Ponce de Leon Springs State Park

The spring basin at Ponce de Leon Springs State Park

In 1513, the Spanish explorer Ponce de Leon came to Florida in search of a legendary "Fountain of Youth." He found lots of springs but never quite what he was looking for.

This spring in the northern part of Florida's panhandle occurs at the convergence of two underground water flows, and the output is a steady 14 million gallons of water per day at a steady 68°F year-round.

The springs are surrounded by a lush hardwood forest, and there are two nature trails that wind around the woods allowing an up-close exploration. In season the Park Rangers even offer guided tours where you can learn all about the local flora and fauna. The state park offers picnic shelters with grills for those who are so inclined. Fishing, swimming and snorkeling are also common activities here. Anglers will find largemouth bass, catfish, chain pickerel and panfish in the warm water.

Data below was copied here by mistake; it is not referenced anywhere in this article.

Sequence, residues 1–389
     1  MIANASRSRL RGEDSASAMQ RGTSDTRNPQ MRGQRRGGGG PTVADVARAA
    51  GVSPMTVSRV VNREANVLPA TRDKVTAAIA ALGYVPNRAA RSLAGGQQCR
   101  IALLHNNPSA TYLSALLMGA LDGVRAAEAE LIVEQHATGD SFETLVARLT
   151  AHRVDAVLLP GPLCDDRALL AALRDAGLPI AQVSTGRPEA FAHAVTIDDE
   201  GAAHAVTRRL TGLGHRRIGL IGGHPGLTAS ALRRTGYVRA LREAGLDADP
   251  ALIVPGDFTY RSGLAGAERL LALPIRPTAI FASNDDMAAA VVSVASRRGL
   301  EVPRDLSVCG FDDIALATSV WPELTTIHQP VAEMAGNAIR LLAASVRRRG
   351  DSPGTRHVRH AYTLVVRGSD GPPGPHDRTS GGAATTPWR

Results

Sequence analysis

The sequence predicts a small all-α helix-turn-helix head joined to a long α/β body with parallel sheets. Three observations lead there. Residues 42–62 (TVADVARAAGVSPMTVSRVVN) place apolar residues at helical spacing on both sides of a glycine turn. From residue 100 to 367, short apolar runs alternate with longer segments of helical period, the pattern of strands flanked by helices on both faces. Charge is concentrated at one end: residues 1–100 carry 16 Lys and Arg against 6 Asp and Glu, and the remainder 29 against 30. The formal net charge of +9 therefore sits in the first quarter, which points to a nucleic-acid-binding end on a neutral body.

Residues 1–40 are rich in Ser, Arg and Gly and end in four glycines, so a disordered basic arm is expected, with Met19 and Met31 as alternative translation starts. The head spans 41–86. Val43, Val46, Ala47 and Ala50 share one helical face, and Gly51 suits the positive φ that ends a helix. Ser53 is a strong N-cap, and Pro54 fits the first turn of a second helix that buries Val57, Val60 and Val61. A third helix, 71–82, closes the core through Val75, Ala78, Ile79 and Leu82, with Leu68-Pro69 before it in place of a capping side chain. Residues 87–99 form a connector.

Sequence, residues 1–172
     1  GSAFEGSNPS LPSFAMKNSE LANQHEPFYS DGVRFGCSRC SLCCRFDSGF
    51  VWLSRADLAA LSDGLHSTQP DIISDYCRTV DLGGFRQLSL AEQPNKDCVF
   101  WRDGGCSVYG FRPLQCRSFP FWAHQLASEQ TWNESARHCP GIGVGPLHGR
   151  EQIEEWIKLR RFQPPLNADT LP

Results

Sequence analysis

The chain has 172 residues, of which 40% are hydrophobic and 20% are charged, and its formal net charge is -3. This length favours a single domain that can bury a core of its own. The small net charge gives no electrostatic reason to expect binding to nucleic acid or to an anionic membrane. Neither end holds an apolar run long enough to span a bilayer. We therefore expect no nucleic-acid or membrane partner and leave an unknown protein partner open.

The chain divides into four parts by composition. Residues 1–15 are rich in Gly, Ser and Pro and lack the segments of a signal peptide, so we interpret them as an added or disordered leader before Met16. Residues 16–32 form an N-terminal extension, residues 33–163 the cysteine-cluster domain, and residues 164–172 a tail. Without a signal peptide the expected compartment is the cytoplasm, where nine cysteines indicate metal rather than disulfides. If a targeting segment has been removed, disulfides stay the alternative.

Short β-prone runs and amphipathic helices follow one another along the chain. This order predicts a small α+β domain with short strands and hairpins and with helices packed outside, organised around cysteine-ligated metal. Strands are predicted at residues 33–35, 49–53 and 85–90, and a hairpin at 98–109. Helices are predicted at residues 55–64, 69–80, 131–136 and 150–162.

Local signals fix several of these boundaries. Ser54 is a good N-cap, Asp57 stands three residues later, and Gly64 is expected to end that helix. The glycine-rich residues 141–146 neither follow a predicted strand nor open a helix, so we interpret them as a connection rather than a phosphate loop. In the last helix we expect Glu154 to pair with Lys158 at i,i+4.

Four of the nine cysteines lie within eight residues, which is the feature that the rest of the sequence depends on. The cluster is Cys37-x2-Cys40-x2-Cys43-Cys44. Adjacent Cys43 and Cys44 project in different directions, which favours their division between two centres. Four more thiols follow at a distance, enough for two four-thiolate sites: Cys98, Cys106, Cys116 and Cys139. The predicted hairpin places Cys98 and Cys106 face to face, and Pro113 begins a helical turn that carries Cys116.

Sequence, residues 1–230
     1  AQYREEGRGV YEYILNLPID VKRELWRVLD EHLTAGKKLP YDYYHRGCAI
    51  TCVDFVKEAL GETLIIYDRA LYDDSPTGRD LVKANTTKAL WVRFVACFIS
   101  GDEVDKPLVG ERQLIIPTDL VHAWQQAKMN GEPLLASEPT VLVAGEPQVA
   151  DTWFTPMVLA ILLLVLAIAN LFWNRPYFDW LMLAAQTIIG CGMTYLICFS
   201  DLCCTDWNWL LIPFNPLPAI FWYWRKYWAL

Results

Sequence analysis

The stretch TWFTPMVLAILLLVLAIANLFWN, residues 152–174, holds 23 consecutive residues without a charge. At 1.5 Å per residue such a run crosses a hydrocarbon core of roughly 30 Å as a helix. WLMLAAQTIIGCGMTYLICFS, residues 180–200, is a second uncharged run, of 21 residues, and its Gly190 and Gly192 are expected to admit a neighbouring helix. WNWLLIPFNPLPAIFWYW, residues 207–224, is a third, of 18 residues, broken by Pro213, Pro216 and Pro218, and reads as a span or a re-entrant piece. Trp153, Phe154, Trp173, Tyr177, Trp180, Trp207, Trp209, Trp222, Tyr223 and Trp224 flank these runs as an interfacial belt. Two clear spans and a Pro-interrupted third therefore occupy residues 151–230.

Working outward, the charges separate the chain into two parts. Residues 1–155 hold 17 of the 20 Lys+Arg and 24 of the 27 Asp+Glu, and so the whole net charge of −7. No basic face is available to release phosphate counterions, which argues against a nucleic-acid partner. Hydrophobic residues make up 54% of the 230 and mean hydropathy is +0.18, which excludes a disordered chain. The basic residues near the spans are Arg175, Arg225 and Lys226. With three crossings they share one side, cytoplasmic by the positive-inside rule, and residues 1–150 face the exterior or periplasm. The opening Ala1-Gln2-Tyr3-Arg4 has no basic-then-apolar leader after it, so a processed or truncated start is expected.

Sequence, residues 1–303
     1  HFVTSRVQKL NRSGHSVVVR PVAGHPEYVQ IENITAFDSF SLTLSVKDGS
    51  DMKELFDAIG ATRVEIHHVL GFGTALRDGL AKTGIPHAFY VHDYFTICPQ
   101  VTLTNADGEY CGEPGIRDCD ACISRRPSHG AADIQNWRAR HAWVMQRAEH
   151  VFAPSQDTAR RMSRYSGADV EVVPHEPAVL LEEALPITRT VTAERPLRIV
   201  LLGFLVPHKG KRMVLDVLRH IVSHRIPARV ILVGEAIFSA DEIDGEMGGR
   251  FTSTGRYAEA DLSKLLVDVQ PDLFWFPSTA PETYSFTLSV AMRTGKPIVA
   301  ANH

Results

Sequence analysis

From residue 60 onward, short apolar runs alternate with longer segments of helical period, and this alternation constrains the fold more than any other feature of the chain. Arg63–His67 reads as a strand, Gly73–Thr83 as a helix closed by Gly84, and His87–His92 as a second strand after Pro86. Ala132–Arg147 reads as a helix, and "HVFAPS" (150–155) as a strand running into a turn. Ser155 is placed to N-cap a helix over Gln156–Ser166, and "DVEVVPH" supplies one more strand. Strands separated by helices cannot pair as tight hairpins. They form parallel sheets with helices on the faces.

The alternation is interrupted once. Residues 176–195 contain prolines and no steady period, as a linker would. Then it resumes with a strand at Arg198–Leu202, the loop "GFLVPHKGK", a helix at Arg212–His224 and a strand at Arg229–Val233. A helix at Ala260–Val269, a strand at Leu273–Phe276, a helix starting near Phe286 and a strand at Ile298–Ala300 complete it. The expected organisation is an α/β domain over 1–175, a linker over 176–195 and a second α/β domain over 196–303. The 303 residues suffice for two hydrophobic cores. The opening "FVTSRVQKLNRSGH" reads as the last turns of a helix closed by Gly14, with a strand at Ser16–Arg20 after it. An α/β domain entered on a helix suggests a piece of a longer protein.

This is a day use only park, and day use hours run from 8 am to sunset, 365 days a year. To get there: the springs are located 1/2 mile south of US Highway 90 on County Road 181A, between Ponce de Leon and Caryville.

Map of Ponce de Leon Springs State Park
Upper photo and map of Ponce de Leon Springs courtesy of Florida State Parks
Upper left photo of Ponce de Leon Springs courtesy of Margret Hildreth  
Florida Central Panhandle area map

Related Pages

Area map courtesy of National Geographic Topo!